1550s, "cognizance, intellectual view;" 1580s in a physical sense, "range of sight;" from ken (v.), in the second sense perhaps via kenning (n.2) in the same sense in nautical use; both from PIE root *gno- "to know."
"house used as a meeting place by thieves or other disreputable characters," 1560s, vagabonds' slang, probably a shortening of kennel (n.).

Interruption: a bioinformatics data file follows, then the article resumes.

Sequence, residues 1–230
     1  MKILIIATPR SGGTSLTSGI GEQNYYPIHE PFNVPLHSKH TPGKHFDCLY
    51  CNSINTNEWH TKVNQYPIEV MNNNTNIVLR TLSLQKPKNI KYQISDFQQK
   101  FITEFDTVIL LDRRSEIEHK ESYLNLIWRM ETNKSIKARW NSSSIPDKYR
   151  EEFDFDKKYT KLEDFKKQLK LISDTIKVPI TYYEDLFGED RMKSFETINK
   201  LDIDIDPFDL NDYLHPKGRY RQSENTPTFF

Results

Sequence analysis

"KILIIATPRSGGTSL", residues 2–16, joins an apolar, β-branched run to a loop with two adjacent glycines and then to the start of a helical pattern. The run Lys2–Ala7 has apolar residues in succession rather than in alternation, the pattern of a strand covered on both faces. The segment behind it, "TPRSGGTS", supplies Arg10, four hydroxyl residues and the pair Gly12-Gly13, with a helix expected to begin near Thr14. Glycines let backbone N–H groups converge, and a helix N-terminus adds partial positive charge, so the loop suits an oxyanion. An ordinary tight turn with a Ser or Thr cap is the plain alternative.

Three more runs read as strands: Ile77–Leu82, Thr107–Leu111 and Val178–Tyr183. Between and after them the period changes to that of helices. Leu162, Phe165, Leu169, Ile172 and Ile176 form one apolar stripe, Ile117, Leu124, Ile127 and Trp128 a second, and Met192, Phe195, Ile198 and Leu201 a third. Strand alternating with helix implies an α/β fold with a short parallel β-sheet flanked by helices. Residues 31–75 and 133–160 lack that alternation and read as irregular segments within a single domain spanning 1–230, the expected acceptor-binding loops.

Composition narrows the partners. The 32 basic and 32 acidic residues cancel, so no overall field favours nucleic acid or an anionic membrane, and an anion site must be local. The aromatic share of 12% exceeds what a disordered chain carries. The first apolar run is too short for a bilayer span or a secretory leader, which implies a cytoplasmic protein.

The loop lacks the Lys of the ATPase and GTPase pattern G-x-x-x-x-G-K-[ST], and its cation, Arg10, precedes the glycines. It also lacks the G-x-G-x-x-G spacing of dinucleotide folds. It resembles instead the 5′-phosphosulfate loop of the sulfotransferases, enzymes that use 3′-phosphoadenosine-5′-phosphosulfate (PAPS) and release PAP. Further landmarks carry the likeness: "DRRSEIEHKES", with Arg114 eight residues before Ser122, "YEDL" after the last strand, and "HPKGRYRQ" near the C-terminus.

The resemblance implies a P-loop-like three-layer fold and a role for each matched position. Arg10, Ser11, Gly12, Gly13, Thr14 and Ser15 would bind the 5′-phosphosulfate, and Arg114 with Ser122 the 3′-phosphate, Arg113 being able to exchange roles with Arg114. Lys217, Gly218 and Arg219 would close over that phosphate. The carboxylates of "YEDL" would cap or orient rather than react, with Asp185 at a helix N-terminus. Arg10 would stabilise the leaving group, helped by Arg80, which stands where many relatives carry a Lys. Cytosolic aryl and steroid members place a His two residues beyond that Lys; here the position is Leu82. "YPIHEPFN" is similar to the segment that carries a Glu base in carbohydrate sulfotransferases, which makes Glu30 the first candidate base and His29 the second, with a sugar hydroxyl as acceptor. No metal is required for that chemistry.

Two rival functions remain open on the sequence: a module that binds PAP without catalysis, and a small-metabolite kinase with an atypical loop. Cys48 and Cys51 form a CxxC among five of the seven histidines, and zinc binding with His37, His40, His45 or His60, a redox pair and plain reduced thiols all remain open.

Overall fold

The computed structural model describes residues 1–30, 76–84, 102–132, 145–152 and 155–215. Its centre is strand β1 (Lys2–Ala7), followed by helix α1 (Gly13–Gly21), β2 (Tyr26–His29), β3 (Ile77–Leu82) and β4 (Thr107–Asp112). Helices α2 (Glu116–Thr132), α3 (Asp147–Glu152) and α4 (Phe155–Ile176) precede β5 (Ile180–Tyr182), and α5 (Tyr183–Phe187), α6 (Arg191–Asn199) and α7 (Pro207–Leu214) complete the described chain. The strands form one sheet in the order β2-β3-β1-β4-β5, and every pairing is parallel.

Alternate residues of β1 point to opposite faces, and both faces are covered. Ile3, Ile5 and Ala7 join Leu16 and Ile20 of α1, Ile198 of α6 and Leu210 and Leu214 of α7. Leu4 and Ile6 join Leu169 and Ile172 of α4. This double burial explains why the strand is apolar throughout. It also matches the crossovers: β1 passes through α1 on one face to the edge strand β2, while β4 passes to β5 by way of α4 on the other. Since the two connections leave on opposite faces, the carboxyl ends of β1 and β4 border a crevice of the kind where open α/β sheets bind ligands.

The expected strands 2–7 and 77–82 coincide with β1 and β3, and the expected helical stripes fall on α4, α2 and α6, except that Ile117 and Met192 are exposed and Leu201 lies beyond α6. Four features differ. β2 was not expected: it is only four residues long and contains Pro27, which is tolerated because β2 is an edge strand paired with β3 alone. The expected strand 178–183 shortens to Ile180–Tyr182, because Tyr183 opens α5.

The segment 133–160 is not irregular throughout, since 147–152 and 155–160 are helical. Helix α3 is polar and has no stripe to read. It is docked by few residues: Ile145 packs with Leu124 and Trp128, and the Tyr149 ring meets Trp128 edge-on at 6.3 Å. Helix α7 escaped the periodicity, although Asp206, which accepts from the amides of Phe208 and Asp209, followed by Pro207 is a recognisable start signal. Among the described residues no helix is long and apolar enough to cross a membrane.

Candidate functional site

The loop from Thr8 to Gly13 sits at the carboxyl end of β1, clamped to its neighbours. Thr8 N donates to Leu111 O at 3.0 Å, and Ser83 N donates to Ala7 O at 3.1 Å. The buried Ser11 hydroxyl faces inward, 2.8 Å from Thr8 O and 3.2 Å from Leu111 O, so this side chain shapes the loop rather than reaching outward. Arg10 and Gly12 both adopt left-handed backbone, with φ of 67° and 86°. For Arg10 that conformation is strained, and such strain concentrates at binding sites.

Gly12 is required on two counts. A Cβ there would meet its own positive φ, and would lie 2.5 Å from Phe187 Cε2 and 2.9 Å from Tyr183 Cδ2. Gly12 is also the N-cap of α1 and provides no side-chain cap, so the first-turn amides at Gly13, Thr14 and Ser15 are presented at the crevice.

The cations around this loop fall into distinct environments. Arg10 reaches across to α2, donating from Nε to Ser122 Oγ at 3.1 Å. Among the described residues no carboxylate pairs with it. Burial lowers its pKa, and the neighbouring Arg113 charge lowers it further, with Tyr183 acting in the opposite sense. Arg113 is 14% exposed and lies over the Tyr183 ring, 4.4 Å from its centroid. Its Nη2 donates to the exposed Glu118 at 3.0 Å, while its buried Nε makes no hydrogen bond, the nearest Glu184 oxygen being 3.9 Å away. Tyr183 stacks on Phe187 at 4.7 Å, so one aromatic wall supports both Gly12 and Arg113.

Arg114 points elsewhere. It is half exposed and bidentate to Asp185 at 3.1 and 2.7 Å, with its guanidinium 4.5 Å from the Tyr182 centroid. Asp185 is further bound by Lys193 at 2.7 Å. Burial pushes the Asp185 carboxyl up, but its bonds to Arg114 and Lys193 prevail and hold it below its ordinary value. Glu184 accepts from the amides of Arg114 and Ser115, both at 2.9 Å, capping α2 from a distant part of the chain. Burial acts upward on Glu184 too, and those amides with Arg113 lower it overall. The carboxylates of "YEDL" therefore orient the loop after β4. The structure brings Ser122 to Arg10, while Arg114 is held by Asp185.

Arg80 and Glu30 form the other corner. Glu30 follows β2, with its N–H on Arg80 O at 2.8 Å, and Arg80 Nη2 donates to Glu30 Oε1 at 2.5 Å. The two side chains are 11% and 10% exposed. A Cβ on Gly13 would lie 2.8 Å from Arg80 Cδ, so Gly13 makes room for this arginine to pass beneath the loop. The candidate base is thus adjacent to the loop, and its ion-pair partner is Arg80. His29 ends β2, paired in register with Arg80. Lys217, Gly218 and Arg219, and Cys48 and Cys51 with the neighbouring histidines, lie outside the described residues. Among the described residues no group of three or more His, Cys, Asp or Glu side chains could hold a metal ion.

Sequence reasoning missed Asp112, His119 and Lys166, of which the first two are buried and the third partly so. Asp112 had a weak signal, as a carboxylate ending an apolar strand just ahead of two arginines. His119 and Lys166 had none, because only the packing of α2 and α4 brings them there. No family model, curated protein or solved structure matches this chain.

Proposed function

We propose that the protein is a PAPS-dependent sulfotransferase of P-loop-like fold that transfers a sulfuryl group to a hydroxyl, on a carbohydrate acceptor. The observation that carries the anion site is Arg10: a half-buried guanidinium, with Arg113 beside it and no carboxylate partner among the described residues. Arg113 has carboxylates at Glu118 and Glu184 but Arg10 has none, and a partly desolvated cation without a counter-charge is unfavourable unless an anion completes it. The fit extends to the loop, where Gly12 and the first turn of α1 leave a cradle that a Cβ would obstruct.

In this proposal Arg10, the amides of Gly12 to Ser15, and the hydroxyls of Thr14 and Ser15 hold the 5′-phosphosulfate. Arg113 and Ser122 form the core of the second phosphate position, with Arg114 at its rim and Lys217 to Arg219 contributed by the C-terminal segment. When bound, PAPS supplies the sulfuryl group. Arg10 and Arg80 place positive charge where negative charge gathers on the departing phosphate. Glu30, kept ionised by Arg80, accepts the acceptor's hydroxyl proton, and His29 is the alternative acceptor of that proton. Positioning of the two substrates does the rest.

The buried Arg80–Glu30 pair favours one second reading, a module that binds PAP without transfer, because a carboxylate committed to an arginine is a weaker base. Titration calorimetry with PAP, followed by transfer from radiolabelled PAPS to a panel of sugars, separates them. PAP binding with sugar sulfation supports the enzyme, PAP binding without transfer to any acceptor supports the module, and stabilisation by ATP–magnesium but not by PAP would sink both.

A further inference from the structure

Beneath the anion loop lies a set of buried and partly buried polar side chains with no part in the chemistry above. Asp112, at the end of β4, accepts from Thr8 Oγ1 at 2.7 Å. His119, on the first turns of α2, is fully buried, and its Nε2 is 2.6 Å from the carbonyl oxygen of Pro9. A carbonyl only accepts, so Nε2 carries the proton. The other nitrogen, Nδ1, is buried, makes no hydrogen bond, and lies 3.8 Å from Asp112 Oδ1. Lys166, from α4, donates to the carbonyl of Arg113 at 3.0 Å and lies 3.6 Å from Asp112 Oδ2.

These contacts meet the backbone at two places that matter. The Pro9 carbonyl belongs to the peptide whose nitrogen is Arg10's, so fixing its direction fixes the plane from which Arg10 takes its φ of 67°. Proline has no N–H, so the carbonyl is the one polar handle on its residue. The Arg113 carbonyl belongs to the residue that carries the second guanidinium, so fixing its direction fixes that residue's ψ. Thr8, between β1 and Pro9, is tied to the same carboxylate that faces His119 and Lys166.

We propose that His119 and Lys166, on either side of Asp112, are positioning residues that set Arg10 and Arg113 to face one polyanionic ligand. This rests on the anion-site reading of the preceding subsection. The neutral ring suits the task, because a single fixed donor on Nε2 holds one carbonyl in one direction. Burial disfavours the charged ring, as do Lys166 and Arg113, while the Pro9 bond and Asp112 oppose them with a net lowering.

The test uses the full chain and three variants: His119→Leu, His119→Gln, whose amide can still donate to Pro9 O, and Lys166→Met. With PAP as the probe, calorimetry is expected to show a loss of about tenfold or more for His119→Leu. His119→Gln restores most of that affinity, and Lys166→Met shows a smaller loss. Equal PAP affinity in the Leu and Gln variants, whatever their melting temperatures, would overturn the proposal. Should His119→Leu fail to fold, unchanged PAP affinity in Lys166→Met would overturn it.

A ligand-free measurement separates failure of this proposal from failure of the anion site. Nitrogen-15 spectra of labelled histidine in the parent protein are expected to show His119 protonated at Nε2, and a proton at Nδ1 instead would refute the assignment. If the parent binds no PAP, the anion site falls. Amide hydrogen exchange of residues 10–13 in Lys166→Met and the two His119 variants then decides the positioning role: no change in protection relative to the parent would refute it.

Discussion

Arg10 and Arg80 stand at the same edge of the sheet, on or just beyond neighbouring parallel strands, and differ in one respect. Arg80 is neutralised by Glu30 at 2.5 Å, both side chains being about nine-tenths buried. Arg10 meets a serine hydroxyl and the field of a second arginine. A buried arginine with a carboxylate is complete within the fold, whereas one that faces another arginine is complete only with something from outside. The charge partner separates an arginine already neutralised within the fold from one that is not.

"to know, understand, take cognizance of," a word surviving mainly in Scottish and northern England dialect, from Middle English kennen, "make known; give instruction to; be aware, know, have knowledge of, know how to; recognize by sight; see, catch sight of," a very common verb, from Old English cennan "make known, declare, acknowledge" (in late Old English also "to know"), originally "cause to know, make to know," causative of cunnan "to become acquainted with, to know" (see can (v.)). Cognate with German kennen, Danish kjende, Swedish känna. Related: Kenned; kenning.
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